Screen writer


Never mind the length – feel the quality, says DONALD CLARKE

When Paul Thomas Anderson’s The Master emerged in late autumn, more than a few punters (many of them keen on the picture) wondered if it needed to be quite so enormous. Two hours and 20 minutes is a long time to spend with a drunken maniac and his messianic mentor.

Ha! The Master is a mere trifle. It barely qualifies as a feature. As the year turns, we are presented with five films that clock up even greater running times: Django Unchained, Zero Dark Thirty, Les Misérables, Lincoln and – longest of the bunch at an absurd 169 minutes – The Hobbit: An Unexpected Journey.

Add in The Dark Knight Rises and that bunch averages out to 158 minutes. That’s 14 minutes more than Stanley Kubrick needed to explore the entire history of mankind in 2001: A Space Odyssey. Let’s hope the makers of The Smurfs 2 can tidy away their story in fewer than three hours.

Even the least cynical observer would admit that Hollywood is fuelled by money and cheap thrills. The longer a film is, the fewer times it can be exhibited in cinemas. We would, thus, expect the industry to demand that directors keep their films to manageable length. Ninety minutes is generally regarded as the minimum (though family films can run even shorter). Two hours is lengthy. Add another 10 or 20 minutes onto that and you are asking a great deal of the audience’s collective bladder.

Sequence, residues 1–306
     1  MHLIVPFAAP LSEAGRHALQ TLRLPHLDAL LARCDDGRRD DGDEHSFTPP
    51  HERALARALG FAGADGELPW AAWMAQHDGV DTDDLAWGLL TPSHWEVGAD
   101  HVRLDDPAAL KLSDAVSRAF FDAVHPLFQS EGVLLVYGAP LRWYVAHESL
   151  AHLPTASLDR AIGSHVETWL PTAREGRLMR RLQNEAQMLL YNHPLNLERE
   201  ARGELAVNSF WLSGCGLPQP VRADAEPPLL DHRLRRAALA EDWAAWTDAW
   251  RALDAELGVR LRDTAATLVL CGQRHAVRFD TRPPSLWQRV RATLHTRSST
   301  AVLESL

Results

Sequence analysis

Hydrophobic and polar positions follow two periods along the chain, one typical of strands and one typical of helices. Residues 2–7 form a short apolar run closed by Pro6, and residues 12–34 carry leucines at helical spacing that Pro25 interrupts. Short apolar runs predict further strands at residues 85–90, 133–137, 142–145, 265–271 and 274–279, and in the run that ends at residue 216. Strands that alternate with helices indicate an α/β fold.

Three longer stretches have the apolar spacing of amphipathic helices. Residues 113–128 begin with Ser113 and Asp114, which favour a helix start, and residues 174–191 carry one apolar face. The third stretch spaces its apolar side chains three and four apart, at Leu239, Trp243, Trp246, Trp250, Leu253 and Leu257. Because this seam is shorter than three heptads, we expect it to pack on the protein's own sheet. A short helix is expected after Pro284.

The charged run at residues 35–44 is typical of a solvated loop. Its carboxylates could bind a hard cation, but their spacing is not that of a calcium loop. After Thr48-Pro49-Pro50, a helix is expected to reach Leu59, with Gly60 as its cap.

So what’s going on? Well, let’s look a bit closer at that list. Of the seven films considered, five were directed by Oscar winners. (True, Quentin Tarantino only won as writer, but let’s not split hairs). The two unrewarded film- makers, Anderson and Christopher Nolan, have both directed best picture nominees.

For all its cynicism, Hollywood enjoys indulging those artists it regards as geniuses. For 30 years, Warner Bros allowed Stanley Kubrick to do whatever the hell he liked with whatever unattractive property he coveted. The studio even continued to finance him after the magnificent Barry Lyndon crashed violently at the box office. The executives like to make money, but they also like to be seen as patrons of “great art”.

As a result, the likes of Anderson, Tarantino, Steven Spielberg and (hem! hem!) Tom Hooper have been permitted to serve their dishes in spleen-busting portions.

We know where this leads. Indulged children grow up to be pompous, flatulent bores.

And yet. Of that list, the only one that seems unmanageably long is The Hobbit. Django Unchained could lose a few minutes. The Dark Knight Rises got a little repetitive. Les Misérables may be lengthy, but it’s no longer than the musical on which it is based.

Let’s set aside the moaning for a week or so. The finely honed novella is no more or less valuable than the vast 19th-century novel. Cinematic gourmands can look forward to a happy new year.

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